Across Europe there are buildings that are nothing short of temples of literature, glorious structures where books are not just available, but placed in beautiful and honored shelves. Take a virtual tour through the stacks of some of the world's most jaw-dropping libraries.
The library of El Escorial, the historical residence of the King of Spain in San Lorenzo de El Escorial. The library was designed by Juan de Herrera, and the vaulted ceilings were painted by Pellegrino Tibaldi in the 1580s.
The Strahov Theological Hall in Strahov Monastery, Prague, Czech Republic, completed in 1679, with stucco decoration and paintings from the early 1720s.
(via Alcuin Lai)
The 213 ft (65 m) long Long Room at Trinity College, Dublin, Ireland, built between 1712 and 1732, and contains 200,000 of the library's oldest books.
The Abbey library of Saint Gall, St. Gallen Monastery, Switzerland. It holds 2,100 manuscripts from the 8th-15th centuries and the oldest version of Nibelungenlied, the legendary German poem about the dragon-slayer Siegfried. The library hall was designed by Peter Thumb (1681-1767) in a Rococo style.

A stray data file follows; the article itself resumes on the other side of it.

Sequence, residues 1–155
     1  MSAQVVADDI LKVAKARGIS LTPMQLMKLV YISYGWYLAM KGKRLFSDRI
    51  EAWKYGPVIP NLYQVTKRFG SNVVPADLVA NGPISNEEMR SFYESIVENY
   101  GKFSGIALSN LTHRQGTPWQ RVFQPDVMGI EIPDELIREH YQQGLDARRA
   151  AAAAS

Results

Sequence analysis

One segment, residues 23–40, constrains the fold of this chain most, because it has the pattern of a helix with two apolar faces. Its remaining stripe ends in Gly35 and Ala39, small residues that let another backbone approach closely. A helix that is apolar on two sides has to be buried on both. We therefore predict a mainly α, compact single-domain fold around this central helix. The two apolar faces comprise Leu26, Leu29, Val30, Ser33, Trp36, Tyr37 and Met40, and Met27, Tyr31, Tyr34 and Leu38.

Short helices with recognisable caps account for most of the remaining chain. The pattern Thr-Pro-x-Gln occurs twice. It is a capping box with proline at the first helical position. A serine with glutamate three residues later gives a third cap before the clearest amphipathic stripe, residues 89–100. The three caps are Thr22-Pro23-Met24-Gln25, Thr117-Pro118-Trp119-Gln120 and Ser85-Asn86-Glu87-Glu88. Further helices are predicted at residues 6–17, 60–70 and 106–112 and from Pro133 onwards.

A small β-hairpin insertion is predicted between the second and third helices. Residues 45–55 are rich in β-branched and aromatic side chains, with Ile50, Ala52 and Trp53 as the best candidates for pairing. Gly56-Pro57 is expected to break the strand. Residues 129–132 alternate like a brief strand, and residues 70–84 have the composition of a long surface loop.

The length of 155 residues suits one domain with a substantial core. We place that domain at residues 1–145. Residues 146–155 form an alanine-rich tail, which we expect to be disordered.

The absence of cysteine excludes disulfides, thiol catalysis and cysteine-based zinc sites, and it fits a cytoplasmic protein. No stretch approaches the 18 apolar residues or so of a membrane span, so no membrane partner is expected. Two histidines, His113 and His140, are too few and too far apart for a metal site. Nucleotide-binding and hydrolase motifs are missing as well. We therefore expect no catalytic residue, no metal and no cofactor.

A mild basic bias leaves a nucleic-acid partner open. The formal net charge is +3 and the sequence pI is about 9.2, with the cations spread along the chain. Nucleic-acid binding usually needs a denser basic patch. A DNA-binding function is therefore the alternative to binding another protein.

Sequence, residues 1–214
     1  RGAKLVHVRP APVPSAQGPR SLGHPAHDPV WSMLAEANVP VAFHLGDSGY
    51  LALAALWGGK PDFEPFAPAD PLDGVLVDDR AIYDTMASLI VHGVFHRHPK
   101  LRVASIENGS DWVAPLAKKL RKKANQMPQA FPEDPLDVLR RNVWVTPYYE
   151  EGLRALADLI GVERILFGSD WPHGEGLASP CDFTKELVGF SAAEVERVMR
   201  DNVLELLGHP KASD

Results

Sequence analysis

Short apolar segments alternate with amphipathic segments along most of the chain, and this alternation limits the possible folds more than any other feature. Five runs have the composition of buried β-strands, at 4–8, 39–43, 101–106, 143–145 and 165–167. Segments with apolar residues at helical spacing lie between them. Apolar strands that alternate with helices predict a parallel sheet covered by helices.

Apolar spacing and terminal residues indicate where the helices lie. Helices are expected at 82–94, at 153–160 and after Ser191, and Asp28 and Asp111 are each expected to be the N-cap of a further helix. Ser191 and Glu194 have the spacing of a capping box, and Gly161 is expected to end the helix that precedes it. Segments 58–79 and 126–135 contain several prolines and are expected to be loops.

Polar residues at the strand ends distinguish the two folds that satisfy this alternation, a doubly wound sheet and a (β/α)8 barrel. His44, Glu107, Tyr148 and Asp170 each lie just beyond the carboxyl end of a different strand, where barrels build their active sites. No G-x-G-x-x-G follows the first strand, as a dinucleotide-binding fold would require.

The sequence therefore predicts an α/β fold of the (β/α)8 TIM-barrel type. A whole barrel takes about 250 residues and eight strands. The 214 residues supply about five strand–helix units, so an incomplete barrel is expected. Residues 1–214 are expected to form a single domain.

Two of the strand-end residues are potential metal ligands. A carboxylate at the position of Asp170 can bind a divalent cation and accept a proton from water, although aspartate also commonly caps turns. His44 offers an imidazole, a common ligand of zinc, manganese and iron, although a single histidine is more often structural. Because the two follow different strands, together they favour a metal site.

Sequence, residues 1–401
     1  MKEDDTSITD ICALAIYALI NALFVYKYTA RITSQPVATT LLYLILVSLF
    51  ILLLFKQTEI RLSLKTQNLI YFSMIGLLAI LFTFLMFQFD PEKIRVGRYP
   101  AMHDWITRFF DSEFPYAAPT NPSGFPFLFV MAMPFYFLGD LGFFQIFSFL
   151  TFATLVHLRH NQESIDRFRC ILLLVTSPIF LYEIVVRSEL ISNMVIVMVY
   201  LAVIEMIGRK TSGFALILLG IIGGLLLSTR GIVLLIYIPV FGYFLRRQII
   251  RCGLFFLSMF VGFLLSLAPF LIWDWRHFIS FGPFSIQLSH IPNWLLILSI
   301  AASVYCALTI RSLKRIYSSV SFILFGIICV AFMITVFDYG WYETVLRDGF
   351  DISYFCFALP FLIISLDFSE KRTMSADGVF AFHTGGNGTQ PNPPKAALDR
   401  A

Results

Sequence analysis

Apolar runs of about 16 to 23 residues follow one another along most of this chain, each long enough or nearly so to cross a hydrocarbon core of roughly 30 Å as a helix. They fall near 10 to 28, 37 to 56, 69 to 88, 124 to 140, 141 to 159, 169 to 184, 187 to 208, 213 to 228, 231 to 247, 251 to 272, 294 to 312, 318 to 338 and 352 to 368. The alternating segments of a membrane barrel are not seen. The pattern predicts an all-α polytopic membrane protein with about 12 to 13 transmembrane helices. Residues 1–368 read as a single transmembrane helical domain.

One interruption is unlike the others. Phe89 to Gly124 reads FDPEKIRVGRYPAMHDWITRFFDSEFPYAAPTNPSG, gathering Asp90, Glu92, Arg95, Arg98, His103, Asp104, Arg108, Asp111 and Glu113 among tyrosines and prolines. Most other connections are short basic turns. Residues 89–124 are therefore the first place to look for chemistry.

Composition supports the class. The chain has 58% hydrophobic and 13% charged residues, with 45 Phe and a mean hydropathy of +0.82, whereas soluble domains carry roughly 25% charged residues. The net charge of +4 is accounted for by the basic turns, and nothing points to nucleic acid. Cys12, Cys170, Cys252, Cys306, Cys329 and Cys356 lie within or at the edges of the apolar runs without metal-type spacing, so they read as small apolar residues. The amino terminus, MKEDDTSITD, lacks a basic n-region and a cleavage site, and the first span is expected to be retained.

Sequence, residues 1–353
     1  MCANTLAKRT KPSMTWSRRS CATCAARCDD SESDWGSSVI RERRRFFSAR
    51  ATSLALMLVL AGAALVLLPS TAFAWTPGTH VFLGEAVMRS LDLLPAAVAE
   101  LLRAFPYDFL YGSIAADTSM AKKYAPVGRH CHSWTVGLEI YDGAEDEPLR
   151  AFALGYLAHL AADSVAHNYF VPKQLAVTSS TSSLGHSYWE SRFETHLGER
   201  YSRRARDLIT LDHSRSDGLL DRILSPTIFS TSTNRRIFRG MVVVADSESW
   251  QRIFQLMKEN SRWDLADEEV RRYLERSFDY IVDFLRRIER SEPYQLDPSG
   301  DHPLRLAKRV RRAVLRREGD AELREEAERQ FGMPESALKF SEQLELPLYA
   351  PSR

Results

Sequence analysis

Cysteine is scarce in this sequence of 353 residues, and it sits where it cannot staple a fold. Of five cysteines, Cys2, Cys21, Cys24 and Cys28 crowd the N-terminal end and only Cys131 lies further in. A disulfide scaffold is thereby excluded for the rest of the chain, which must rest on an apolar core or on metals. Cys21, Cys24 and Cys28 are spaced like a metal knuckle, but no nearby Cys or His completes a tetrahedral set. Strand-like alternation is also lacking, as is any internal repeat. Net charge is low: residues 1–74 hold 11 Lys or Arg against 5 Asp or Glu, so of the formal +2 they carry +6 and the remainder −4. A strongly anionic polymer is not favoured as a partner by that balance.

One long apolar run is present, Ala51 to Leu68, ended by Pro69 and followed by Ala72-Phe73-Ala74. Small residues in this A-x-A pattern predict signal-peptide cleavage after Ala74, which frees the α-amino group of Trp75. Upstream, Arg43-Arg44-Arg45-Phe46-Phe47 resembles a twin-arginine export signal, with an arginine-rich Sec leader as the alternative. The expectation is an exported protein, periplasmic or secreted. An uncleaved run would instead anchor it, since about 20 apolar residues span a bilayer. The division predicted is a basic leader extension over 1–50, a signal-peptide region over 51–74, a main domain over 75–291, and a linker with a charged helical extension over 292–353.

The Admont Abbey library in Admont, Austria, built in 1776. It's the largest monastery library in the world, has seven cupolas and dozens of wonderful frescoes by Bartolomeo Altomonte.
(via Wikimedia Commons)
Bibliothèque Sainte-Geneviève, Paris, France, built between 1838 and 1850, under the direction of Henri Labrouste
The Metropolitan Ervin Szabó Library, Budapest, Hungary. The central building is known as the Wenckheim Palace, which was built between 1886 and 1889 by Count Frigyes Wenckheim, designed by Artúr Meining. It was converted into a library between 1927 and 1931.
University of Aberdeen New Library, Aberdeen, Scotland, UK, designed by Schmidt Hammer Lassen Architects, opened in 2012